A 34-year-old woman has become the first American known to have undergone a treatment that uses a controversial gene editing technology to treat a genetic disorder.

Victoria Gray, of Forest, Mississippi, had the landmark treatment at the Sarah Cannon Research Institute in Nashville, Tennessee as part of a study that aims to test the use of the CRISPR gene editing technology for a genetic disease.

Gray has sickle cell disease, a condition that affects about 100,000 people in the United States and more commonly affects African Americans like her.

Blood testing
A medicine diagnostician takes a blood test Getty Images/Christof Koepsel/Bongarts

Sickle cell disease is a genetic disorder that makes the bone marrow produce a defective protein that causes sickle-shaped blood cells to become hard and sticky.

This causes the deformed cells to be stuck inside blood vessels and prevents them from transporting oxygen normally. Sickle cell disease causes a host of complications. Patients are at increased risk of infections, damage to vital organs, and life threatening strokes.

Gray herself has already suffered heart damage.

Many patients do not live past their 40s.

Doctors hope that the experimental CRISPR technology may change all these by changing the patient’s DNA so it produces a protein patch for the condition.

For the experimental procedure, doctors use cells taken from the patient’s bone marrow that was genetically modified using CRISPR so it can produce protein that is usually only made by fetuses and babies for a short time after birth.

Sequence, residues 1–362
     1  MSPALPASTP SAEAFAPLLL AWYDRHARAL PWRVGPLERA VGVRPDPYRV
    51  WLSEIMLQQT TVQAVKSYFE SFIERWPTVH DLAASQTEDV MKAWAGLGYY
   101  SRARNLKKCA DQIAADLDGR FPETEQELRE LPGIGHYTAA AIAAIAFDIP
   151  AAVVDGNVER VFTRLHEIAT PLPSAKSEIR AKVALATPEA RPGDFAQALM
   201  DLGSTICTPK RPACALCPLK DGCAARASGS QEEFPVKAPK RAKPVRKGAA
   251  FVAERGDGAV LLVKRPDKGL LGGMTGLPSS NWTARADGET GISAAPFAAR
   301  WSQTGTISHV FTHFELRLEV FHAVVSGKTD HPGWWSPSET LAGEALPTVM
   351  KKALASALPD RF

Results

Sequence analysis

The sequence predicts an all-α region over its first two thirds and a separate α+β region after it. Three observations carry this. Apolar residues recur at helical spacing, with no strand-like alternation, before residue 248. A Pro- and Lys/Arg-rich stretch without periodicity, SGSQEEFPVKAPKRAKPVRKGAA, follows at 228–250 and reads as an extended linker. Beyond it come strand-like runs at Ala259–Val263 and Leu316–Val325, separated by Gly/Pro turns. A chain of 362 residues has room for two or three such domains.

The idea is that the protein will compensate for the defective protein associated with sickle cell disease and thus allow patients like Gray to live normally for the rest of their lives.

It will, however, take months and even years after the procedure before doctors would know if the treatment is safe and effective.

Doctors involved in the study also acknowledged the risks of experimental treatments, albeit these are closely reviewed by the Food and Drug Administration and other advisory panels.

Gray, a mother of four children who has to bear agonizing and debilitating pain because of her condition, said she understands the risks. She also said the treatment gives her hope.

"I always knew something had to come along and that God had something important in store for me," Gray said in an interview with NPR. "It felt like this was meant to be. It was kinda fate. That was an amazing feeling."